EL SEGUNDO, Calif. -- As Byron Scott was introduced as the new head coach by several former Lakers greats from the Showtime era, a theme quickly emerged: Los Angeles takes care of its own.
Scott couldn't be more thrilled to be coaching the team he helped lead to three NBA championships in the 1980s and had trouble containing his emotions Tuesday when he was formally introduced. It was a dream to come back and coach the purple and gold.
But his good friend Magic Johnson said he could have seen that dream come true a few years ago.
"This is a great day for Dr. (Jerry) Buss, even though he's not here," Johnson said. "We were in a suite and he called me up and said, 'Ervin, I would love, I think, for Byron to coach this team."
Johnson said this conversation happened a few years back and Johnson never told Scott until it was too late.
"Dr. Buss was going to make Byron the coach when Phil didn't know what he was going to do," Johnson said. "Byron took the Cleveland job and he took it too early and I called him and said, 'You took the job too early! Dr. Buss wanted you to be the coach!' But he had to make a decision, of course, and this is really a great moment for all of us."
Johnson felt that Scott was an ideal candidate for the job because he's connected deeply with Kobe Bryant, who like Scott has won multiple championships, although Scott is quick to point out that Bryant has won more than him. As the Lakers have failed to win one in a few years and tumbled so low that it was difficult for even Johnson to recognize his former franchise, the winning identity and culture has been lost.
Kobe and "Baby B" know nothing other than that winning identity, and Johnson feels the presence of the two will revive the championship culture that once defined the historic franchise.
"What better teacher to have than a coach who has won championships and also a player like Kobe to be on the court," he said. "So that they can help everybody understand the Laker Way of doing things."
Bryant was a rookie when Scott came back to L.A. in 1996 for his final season in the NBA. He hazed Bryant, making the rookie carry his bags and buy him donuts. Magic said it was exactly like when they hazed Scott during his rookie season.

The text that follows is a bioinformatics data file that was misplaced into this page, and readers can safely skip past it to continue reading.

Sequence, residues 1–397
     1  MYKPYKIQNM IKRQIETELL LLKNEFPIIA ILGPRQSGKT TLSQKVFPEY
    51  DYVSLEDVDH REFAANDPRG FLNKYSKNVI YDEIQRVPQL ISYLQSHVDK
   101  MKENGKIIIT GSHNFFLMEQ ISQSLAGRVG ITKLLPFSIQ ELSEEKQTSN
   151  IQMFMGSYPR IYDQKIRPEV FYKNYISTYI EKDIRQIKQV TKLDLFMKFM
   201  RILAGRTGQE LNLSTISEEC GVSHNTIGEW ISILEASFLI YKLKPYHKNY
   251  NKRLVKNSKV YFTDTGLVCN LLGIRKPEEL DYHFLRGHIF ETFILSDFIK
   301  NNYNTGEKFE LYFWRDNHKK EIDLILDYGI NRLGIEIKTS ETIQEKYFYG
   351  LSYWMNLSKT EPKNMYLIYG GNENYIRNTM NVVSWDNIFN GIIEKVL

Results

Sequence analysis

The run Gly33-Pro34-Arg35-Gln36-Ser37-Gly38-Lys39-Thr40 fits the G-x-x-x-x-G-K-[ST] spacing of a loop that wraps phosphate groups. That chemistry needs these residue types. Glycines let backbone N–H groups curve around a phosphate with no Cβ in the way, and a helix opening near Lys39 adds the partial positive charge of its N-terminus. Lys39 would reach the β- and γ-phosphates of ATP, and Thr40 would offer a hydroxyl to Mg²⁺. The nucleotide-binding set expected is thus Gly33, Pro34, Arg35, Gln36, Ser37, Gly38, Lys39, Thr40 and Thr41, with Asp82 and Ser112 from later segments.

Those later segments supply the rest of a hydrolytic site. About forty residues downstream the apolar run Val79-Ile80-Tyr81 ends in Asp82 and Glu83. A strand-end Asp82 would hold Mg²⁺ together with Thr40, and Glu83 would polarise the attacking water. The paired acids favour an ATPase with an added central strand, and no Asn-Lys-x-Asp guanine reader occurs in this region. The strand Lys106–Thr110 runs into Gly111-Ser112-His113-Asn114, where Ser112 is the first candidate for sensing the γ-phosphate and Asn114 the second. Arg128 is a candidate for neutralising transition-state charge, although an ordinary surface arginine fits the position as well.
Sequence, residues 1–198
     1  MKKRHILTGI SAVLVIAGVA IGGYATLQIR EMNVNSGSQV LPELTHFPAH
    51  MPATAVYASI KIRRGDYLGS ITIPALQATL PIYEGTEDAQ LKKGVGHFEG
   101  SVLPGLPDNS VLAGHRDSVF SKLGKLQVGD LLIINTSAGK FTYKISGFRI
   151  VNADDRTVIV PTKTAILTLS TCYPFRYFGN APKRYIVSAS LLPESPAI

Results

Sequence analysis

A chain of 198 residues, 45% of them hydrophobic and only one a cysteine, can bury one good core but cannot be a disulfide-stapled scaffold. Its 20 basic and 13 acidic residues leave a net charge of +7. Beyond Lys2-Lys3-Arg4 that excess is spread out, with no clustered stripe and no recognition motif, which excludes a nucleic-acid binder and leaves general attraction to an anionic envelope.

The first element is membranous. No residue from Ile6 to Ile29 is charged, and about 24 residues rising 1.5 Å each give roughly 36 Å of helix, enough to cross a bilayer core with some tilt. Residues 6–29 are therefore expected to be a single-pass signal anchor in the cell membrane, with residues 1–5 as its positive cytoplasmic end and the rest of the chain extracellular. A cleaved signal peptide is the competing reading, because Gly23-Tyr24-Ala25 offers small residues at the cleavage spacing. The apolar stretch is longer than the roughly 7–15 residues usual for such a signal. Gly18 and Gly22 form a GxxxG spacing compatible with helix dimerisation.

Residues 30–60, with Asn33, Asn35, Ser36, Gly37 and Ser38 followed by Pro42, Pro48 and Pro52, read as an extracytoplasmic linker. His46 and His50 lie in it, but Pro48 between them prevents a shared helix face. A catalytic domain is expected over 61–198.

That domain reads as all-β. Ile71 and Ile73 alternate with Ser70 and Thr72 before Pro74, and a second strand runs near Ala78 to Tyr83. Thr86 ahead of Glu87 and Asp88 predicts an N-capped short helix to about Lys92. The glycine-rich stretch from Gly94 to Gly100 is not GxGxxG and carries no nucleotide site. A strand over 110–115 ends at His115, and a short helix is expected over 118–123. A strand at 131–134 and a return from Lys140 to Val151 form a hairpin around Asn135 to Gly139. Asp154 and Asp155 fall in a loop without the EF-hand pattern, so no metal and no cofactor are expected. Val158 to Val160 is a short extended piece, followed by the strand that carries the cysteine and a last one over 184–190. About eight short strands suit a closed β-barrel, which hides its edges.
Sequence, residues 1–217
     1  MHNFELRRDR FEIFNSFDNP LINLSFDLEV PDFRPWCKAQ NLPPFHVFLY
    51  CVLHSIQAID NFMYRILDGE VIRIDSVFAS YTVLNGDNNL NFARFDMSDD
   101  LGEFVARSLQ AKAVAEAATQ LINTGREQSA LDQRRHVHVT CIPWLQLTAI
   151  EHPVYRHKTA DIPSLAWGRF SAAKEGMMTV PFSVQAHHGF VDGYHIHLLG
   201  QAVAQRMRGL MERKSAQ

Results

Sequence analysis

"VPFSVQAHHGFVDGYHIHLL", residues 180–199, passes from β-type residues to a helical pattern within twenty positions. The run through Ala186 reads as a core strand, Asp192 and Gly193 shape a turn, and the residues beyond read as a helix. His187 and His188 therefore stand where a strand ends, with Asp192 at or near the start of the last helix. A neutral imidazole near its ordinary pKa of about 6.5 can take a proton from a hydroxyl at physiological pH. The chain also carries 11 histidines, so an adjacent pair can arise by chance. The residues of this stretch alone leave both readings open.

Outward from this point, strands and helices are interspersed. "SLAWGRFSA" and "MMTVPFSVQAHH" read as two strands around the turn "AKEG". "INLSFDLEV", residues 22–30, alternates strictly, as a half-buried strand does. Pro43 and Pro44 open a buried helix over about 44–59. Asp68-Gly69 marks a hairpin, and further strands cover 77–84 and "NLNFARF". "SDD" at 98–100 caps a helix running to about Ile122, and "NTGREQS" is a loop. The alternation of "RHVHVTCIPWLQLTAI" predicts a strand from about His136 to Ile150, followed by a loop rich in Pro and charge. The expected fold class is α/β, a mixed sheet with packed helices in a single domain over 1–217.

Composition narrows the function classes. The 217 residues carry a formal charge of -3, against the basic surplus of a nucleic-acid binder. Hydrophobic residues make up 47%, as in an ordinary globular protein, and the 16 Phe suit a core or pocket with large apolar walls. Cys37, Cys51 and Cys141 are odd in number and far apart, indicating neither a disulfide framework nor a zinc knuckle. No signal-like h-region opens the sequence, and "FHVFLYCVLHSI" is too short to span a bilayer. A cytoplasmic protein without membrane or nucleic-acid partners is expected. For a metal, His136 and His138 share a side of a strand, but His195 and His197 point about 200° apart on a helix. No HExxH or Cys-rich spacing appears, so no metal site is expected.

"We wouldn't speak to him," Johnson said, laughing. "He was just a college kid. We wouldn't sit by him, we made him sit by himself for lunch and dinner and we smacked him and elbowed him because we wanted him to understand what we were getting because no one worked harder than our team.
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"Byron took it, never complained, never said anything and Coop said to me one day, 'Buck, this dude is going to be OK.'"
"Coop" was Michael Cooper, whom Johnson would like to see as Scott's assistant coach if he could get out of his contract with the WNBA's Atlanta Dream. Johnson also mentioned Mychal Thompson while Kareen Abdul-Jabbar and Jamaal Wilkes stood by. It's clear that Johnson wants a Showtime reunion, but what he really would like to see is a revival.
And so would the fans. After all, the Showtime era produced five NBA championships and some of the most entertaining ball that the league has seen. This roster isn't it, but Johnson says it might not be far off. And if you ask him, Scott is the one who will bring the Lakers magic back to L.A.
"Basketball is always going to be strong in this town," Johnson said. "We just need to figure out how to get us in terms of the next level where we're not just making the playoffs but we're making runs and winning championships."